Bridge City Comics, located in the Mississippi neighborhood, hosts a bi-monthly Graphic Novel Reading Club where participants can read and discuss books the same way a text-only book club does. The book for August’s meeting was Hedge Knight II: Sworn Sword, by writer Ben Avery (The Oz/Wonderland Chronicles) and artist Mike S. Miller (StarCraft), and based on the short story by George R. R. Martin (Fevre Dream).
The second volume of the Hedge Knight story was chosen because Volume I was out of print, but it was also noted that “sometimes Vertigo #1s can be lacking in action.” This was borne out in The Sworn Sword, which dealt mostly with the consequences of past actions. The writing itself drew few criticisms, as the original story by Martin was enjoyable. Being adapted from a short story, the comic’s characters were well-developed and the events themselves were already refined and ready for a graphic treatment.
The theme of a fantasy protagonist who was not the bravest or the strongest was a welcome one, described by one reader as “What do you do if you’re not the best?” Dunc, having taken over the role of Hedge Knight from his former master, is not confident of his abilities and needs to be careful that he doesn’t take on more than he can handle. He is not the hero destined to win the girl at the end, and indeed he does not. The realism of a high-born woman choosing a husband of similar rank over a titleless but honorable man was appreciated by the readers.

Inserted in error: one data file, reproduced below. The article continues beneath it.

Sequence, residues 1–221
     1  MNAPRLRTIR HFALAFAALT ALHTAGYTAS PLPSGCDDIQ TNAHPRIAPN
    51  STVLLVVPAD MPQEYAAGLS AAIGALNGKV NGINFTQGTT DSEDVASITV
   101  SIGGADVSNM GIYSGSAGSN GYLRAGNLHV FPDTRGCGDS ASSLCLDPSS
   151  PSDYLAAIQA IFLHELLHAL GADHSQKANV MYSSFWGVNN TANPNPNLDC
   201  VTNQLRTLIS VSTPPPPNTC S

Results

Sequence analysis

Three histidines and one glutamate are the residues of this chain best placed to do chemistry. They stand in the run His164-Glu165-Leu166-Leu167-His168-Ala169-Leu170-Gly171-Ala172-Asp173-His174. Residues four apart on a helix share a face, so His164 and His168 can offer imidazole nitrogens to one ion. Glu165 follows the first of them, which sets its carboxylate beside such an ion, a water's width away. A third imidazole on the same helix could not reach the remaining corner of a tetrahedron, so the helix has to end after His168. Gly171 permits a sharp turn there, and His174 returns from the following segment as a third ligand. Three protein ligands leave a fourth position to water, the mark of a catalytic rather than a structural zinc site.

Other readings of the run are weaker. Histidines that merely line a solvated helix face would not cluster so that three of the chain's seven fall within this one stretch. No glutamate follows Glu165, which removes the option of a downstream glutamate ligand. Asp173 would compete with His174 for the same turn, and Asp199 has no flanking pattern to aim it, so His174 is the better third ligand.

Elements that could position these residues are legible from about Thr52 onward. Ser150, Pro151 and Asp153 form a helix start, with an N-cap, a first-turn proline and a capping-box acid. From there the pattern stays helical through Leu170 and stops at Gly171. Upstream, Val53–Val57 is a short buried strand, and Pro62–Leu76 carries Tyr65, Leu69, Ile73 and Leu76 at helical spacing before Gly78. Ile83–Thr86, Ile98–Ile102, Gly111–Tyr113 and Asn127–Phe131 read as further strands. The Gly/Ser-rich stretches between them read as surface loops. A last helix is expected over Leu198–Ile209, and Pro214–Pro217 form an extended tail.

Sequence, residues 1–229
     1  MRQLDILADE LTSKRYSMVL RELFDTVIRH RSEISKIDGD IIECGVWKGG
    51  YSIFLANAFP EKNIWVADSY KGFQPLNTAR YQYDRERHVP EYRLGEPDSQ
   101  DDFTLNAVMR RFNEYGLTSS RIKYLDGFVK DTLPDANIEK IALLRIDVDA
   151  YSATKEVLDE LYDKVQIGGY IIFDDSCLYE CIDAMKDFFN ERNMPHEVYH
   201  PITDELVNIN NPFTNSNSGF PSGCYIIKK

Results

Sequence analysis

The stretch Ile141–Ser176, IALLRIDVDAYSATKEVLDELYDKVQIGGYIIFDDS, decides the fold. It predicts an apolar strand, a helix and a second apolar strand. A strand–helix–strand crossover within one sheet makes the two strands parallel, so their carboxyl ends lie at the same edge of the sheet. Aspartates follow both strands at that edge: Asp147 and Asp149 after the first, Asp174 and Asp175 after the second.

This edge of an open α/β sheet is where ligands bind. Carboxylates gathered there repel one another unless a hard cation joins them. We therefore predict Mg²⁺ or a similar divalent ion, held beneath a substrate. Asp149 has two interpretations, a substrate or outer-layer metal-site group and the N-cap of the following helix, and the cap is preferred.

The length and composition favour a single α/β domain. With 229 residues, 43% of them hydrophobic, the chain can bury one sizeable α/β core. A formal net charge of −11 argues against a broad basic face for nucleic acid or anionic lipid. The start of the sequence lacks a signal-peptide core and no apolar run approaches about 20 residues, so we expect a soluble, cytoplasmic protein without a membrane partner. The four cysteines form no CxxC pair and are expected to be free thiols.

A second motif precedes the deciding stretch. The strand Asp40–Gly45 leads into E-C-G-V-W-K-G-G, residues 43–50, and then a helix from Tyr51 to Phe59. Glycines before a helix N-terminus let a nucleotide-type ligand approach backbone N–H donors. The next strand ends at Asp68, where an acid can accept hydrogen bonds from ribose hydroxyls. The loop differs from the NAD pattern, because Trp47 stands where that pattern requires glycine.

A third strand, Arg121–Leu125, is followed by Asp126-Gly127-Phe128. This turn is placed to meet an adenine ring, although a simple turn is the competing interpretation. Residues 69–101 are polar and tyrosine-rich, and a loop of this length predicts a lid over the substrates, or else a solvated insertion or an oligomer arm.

Although the main characters Dunc and his squire Egg were more thoroughly developed in the first volume, no one seemed to have any problems understanding their motivations or personalities. Avery chose to open the second book with a traveling scene, allowing the conversation between the two to reflect their relationship and aims.
Not as well-received was Miller’s art, which most of the readers felt relied too heavily on Photoshop effects and caused dissonance between the digital and manual art. Though published in 2008, the art style seemed as though it had come out of the early days of digital comic art. One attendee didn’t mind the art style, but was disappointed that Dunc, the main character, had the least expressive face in the book, appearing almost generic. It was also noted that Egg, a ten-year-old boy, had the abs of a much older and fitter man. The overall opinion was that the art was hurt by the artist’s enthusiasm for digital effects, but that the story was engrossing enough to prevent distraction.
The next meeting of the Graphic Novel Reading Club is Thursday September 9 at 7pm, and the book will be Chew, Volume 1: Taster’s Choice, written by John Layman with art by Rob Guillory. Readers 21 and over are invited to attend.